Charles Cty. Comm'rs, 882 F.2d 870, 873 (4th Cir.
1989), and conclusory factual allegations devoid of any
reference to actual events, do not suffice, United Black
Firefighters of Norfolk v. Hirst, 604 F.2d 844, 847 (4th
as here, a party seeks summary judgment pursuant to Federal
Rule of Civil Procedure 56(a), the movant must show that
“there is no genuine dispute as to any material fact
and the movant is entitled to judgment as a matter of
law.” The court should “view the evidence in the
light most favorable to . . . the nonmovant, and draw all
reasonable inferences in her favor without weighing the
evidence or assessing the witnesses' credibility.”
Dennis v. Columbia Colleton Med. Ctr.,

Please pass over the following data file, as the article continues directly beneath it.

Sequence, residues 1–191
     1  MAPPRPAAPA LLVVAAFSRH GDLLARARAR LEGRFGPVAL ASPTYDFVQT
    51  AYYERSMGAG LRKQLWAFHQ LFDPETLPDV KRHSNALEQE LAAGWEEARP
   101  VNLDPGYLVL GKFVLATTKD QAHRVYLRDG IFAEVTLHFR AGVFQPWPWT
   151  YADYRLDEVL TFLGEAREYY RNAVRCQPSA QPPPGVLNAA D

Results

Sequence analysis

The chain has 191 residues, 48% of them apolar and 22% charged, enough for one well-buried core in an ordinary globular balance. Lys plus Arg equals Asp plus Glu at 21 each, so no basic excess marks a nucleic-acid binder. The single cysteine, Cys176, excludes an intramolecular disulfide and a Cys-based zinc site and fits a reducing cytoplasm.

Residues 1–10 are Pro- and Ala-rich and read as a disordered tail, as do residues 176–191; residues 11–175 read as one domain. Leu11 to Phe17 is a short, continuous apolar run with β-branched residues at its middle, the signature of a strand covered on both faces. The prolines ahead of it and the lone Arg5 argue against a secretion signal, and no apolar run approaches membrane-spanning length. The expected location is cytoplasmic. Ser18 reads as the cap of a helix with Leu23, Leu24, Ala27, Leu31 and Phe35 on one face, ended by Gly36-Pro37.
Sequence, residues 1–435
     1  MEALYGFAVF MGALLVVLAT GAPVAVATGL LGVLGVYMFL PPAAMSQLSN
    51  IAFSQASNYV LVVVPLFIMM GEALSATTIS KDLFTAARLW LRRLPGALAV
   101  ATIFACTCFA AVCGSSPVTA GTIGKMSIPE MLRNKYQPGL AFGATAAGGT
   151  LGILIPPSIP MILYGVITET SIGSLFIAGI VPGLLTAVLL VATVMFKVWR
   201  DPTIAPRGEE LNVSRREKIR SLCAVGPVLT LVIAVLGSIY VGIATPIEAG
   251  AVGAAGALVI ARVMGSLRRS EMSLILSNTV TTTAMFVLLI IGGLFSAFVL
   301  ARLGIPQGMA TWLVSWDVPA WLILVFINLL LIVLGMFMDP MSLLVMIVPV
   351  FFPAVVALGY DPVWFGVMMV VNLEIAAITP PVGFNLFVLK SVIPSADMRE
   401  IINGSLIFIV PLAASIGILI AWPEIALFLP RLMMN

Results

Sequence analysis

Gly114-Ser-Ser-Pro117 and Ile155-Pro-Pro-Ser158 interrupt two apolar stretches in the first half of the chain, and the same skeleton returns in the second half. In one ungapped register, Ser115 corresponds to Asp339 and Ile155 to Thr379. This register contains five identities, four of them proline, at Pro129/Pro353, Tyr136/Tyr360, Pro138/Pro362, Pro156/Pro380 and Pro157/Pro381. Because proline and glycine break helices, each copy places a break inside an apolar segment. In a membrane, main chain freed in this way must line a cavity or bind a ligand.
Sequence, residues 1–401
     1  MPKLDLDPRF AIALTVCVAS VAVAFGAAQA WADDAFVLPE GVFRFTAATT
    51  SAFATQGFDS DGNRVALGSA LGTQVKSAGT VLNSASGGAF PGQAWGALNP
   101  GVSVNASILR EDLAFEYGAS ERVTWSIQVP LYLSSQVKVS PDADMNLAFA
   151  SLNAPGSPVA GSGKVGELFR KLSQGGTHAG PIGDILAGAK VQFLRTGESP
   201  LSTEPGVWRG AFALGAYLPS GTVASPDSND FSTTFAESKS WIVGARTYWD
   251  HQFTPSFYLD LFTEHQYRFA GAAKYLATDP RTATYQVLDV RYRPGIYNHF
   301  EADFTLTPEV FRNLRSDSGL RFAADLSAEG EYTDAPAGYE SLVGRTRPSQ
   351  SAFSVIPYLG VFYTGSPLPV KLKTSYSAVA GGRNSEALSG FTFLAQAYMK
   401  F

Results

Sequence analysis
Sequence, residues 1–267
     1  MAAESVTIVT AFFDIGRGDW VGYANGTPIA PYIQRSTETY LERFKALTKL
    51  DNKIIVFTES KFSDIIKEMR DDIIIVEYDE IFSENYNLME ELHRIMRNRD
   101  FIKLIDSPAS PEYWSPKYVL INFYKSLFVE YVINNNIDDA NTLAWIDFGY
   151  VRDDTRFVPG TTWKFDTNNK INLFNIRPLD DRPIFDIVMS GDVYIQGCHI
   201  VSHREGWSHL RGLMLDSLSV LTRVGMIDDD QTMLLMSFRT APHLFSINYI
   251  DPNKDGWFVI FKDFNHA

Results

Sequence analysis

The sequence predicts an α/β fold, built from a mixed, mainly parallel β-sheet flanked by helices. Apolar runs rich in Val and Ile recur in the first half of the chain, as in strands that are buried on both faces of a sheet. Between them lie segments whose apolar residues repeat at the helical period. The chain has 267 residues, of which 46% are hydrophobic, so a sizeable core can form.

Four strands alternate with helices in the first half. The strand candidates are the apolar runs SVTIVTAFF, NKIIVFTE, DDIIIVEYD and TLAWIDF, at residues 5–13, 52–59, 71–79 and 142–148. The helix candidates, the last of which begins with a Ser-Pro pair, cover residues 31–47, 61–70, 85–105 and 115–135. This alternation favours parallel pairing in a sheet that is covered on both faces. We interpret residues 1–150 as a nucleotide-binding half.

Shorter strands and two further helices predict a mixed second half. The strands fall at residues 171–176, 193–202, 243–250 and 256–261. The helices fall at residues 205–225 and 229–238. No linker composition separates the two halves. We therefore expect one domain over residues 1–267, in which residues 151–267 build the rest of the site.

Inc., 290 F.3d 639, 645 (4th Cir. 2002). Importantly,
“the mere existence of some alleged factual
dispute between the parties will not defeat an otherwise
properly supported motion for summary judgment; the
requirement is that there be no genuine issue of
material fact. Anderson v. Liberty Lobby,
Inc., 477 U.S. 242, 247-48 (1986) (emphasis in
original). Rather, a reviewing court has an
“affirmative obligation . . . to prevent factually
unsupported claims and defenses from proceeding to
trial.” Bouchat v. Baltimore Ravens Football Club,
Inc., 346 F.3d 514, 522 (4th Cir. 2003) (internal
quotation marks omitted) (quoting Drewitt v. Pratt,
999 F.2d 774, 778-79 (4th Cir. 1993), and citing Celotex
Corp. v. Catrett, 477 U.S. 317, 323-24
(1986)). “A party opposing a properly supported motion
for summary judgment ‘may not rest upon the mere
allegations or denials of his pleadings,' but rather must
‘set forth specific facts showing that there is a
genuine issue for trial.'” Id. (quoting
Fed.R.Civ.P. 56(e)). A dispute ...